Observe a child and parent in a store. That high-pitched whining you’ll hear coming from the cereal aisle is more than just the pleadings of single kid bent on getting a box of Fruit Loops into the shopping cart. It is the sound of thousands of hours of market research, of an immense coordination of people, ideas and resources, of decades of social and economic change all rolled into a single, ‘Mommy, pleeeeease!’
– Dan cook, Assistant Professor of Advertising and Sociology at the University of Illinois
One of the most prevailing problems in America is child obesity. The statistics are heavy — according to the Center for Disease Control, 21% of adolescents and 18% of children are obese. So what caused this epidemic of overweight children? Dare we say marketing?
Chew on these stats (try not to choke!):
- The spending power of children in America is in the area of $1 trillion (who wouldn’t want a piece of that pie?)
- Advertisers spend more than $12 billion per year to market to children (That’s some serious bacon!)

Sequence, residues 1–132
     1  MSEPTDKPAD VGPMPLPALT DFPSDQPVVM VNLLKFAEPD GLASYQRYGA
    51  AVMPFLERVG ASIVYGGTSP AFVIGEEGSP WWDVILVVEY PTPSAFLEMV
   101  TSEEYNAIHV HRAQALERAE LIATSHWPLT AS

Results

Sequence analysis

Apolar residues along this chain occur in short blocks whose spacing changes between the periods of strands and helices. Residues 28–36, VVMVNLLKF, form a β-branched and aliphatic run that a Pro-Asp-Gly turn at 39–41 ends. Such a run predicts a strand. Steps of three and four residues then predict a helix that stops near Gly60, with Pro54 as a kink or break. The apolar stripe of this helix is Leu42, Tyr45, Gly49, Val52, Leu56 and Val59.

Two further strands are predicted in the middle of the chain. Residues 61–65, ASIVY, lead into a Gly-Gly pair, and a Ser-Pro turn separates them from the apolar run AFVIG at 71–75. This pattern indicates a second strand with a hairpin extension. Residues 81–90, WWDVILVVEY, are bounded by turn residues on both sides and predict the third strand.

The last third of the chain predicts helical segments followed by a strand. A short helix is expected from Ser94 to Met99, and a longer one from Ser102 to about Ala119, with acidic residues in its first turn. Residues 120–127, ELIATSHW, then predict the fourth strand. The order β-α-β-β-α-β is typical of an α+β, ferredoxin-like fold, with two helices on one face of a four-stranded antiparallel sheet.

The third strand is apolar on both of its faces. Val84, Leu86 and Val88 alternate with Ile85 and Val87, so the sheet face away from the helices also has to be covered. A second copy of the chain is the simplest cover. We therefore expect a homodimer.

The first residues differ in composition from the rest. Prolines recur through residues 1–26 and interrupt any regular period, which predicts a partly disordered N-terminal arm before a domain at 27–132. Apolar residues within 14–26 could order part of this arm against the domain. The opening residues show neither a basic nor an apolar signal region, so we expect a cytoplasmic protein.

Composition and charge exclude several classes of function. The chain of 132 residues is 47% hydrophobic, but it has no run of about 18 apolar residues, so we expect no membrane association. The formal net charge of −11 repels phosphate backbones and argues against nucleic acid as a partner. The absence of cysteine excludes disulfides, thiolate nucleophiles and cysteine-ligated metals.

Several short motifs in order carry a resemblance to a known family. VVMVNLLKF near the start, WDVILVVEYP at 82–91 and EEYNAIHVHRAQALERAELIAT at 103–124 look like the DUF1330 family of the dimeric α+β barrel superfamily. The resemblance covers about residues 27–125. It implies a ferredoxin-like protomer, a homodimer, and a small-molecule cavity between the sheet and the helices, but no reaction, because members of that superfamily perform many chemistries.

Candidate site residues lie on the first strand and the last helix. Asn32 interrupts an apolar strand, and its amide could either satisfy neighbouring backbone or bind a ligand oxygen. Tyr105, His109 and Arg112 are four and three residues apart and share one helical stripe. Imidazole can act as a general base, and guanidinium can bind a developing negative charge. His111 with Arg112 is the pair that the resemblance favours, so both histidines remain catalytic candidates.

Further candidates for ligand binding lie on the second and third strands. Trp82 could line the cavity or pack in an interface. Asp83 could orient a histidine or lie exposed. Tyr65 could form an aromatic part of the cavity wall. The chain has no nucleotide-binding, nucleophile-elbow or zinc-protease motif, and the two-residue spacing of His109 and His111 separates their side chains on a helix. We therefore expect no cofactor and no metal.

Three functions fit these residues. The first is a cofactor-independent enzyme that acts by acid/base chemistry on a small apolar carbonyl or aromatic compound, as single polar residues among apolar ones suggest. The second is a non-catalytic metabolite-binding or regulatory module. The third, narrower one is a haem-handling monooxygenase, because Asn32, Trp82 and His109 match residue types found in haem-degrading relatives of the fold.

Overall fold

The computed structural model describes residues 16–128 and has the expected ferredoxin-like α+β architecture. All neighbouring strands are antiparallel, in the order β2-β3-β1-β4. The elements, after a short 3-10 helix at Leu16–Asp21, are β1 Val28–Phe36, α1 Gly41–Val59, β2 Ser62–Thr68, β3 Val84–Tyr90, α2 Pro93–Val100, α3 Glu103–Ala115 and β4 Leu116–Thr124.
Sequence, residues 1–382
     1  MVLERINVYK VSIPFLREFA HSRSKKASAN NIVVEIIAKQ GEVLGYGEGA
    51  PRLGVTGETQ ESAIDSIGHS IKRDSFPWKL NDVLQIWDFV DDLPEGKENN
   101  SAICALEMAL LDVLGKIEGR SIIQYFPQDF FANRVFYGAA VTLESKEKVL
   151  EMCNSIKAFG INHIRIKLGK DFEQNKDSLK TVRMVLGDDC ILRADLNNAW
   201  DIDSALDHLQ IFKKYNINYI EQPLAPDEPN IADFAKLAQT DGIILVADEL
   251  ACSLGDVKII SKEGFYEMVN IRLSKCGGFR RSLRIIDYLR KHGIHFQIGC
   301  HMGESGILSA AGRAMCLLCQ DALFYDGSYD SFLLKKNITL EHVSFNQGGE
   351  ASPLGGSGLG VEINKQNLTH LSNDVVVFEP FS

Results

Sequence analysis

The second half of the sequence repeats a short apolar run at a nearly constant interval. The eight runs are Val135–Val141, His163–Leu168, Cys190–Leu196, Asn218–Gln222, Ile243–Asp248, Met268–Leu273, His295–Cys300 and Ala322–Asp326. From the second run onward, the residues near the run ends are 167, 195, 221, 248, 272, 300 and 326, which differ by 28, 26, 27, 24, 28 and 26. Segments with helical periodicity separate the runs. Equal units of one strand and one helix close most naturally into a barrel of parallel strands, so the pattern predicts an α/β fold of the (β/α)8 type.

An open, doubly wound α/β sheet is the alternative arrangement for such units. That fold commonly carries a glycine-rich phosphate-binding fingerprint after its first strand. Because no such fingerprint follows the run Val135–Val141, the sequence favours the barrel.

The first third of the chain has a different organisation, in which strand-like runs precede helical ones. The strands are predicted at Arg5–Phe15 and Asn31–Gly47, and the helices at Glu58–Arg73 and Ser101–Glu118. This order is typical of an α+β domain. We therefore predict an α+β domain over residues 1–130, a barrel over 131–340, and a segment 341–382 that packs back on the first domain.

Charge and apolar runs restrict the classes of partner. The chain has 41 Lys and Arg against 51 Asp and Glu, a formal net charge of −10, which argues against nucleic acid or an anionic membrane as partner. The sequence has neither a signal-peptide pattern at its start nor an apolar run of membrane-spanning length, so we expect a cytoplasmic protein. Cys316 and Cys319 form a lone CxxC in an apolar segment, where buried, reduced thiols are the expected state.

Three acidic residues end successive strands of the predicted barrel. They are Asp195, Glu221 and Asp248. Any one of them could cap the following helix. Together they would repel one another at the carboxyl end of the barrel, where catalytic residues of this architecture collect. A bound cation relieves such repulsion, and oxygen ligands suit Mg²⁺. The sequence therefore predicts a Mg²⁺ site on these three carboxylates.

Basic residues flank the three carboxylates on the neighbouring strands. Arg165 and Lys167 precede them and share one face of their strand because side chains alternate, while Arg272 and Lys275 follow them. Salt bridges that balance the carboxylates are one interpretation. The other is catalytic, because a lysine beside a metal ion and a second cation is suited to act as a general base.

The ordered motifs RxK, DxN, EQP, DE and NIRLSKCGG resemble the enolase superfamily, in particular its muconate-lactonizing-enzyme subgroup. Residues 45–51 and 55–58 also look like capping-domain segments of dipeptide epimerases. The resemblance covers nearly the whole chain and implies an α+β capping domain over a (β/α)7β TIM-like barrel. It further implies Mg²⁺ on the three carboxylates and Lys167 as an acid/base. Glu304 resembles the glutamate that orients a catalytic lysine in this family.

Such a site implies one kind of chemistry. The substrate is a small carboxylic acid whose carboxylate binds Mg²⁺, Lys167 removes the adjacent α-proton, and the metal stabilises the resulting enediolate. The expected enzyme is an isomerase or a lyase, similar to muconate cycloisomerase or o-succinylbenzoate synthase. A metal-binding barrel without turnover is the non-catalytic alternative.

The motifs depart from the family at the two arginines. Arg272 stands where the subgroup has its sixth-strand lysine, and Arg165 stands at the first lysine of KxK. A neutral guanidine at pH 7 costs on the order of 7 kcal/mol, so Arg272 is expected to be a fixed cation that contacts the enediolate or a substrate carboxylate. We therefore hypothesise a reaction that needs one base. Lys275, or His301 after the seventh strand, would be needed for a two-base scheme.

- Children view more than 40,000 commercials per year (110 per day, 4.6 per hour — get the picture?)
- 50% of all children ads are for candies, snacks, sugary cereals, and fast food (A apple a day keeps the…)
- 99% of all fast-food ads targeting kids were placed by McDonalds and Burger King (Beef!)
- In February 2011, over 350,000 children under 12 visited happymeal.com and mcworld.com (Show me the beef! Wait, that’s Wendy’s…)
- 79% of the more than 25,00 fast-food ads aimed at kids aired on four channels: Nicktoons, Disney XD, Cartoon Network, and Nickelodeon – (yeah, they know what they’re doing)
Correlation? Definitely. Causation?
We’ll let you digest that.